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Oklahoma Town’s Valentine’s Dance Canceled By 1970s-Era Law

They won't be kicking off their Sunday shoes and cutting loose in one tiny Oklahoma town this weekend because the sweetheart dance has been cancelled for a reason that's got everybody feeling sour — it's against the law.

In a storyline that could have come from the movie "Footloose," the authorities in Henryetta, a town of a little under 6,000, put the kibosh on the Valentine's shindig that was scheduled for Saturday after a local woman, Robbie Kinney, complained.

Her beef? Holding the bash at Rosie LaVon's Marketplace — the new hotspot in town — would violate a 1979 ordinance that forbids dancing within 500 feet of a church. And the church she attended as a child, the Church of Christ, is 300 feet away.

"I'm sorry, but the law is the law," Kinney told NBC News. "Law enforcement does not have the right to pick and choose with laws they are going to enforce, no matter how ridiculous they are."

Image: The invitation to a Valentine's Dance at Rosie LaVon's in Henryetta, Oklahoma
The invitation to a Valentine's Dance at Rosie LaVon's in Henryetta, Oklahoma. Rose LaVon's

Joni Insabella, who owns the venue and helped organize the dance, said she had no choice but to cancel the bash.

"Other than her, nobody objected, not even the church," Insabella said. "Everybody was excited about the dance. But on the advice of my husband, I cancelled it. He's the city attorney and he swore an oath to uphold the law."

The tempest in this tiny town that has made Kinney, as she put it, "infamous," began when she posted a question on Facebook asking if the ordinance was still in place. She insists she wasn't trying to spoil anybody's fun.

"My dad and my uncle were planning to go to the dance," she said. "They're both elderly and they've been ill and I didn't want them getting arrested."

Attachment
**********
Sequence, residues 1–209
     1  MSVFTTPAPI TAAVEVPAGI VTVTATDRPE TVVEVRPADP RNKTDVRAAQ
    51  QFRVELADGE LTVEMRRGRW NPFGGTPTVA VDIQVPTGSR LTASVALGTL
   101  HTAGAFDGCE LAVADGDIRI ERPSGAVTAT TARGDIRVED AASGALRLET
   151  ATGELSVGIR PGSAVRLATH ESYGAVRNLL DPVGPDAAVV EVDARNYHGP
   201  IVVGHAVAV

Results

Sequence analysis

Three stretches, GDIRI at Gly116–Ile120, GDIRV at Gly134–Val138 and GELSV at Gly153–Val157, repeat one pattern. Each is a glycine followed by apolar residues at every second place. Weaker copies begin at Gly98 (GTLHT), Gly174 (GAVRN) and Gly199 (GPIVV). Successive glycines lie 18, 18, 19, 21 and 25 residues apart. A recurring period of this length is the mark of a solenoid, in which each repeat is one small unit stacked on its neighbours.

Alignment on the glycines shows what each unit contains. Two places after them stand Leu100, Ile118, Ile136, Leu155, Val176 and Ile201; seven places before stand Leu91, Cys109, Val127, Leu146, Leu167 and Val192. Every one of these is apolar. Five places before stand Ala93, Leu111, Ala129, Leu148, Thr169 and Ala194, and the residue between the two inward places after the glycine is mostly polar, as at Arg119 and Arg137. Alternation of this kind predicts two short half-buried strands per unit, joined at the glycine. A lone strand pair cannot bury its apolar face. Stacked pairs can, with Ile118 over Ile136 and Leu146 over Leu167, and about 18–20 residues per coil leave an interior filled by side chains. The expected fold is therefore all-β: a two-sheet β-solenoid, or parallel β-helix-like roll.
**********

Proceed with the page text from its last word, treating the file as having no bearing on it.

Henryetta mayor Jennifer Clason doesn't buy that explanation.

"This ordinance was put in place back in the 1970s when there was a troublesome dance bar on Main Street and it's never been enforced," she said.

The reason Kinney complained has more to do with long-simmering small-town rivalries than any law, Clason said.

"She accused Joni of trying to profit from breaking the law by holding this dance," the mayor said. "That's nonsense. We told her to go ahead and have the dance. I'm 45 and I grew up going to dances at the civic center, which is just 100 feet from the same church."

Insabella, who was born in Henryetta but lived in Florida for many years, said she moved back home with her husband to take care of her elderly parents. She said she opened the store, which sells vintage goods and has an entertainment space on the second floor, to bring some life back to the fading downtown.

"With this dance, we were just trying to give people a place where they could go with their sweethearts," she said. "There's really no place in town where you can go dance with your sweetheart."

But after the dance announcement was posted online, "suddenly we started getting all kinds of problems."

Image: Kevin Bacon in Footloose, 1984
Kevin Bacon in the 1984 film 'Footloose' Paramount Pictures

"I was getting accused of corruption, of getting special favors because of my husband," she said. "I didn't even know there was such an ordinance. There's proms and dances all the time at places that are closer than 500 feet to a church."

Insabella chuckled about the comparisons to "Footloose," a 1984 movie starring Kevin Bacon about a town where dancing and rock music were banned — and which was based loosely on another Oklahoma town called Elmore City some two hour's drive away.

She said she hopes that when the city council meets next on Feb. 22 they will get rid of the troublesome ordinance. She said she plans to host an Elvis-themed dance at her place and she's already hired an impersonator.

"We're going to dance here, come hell or high water," she said.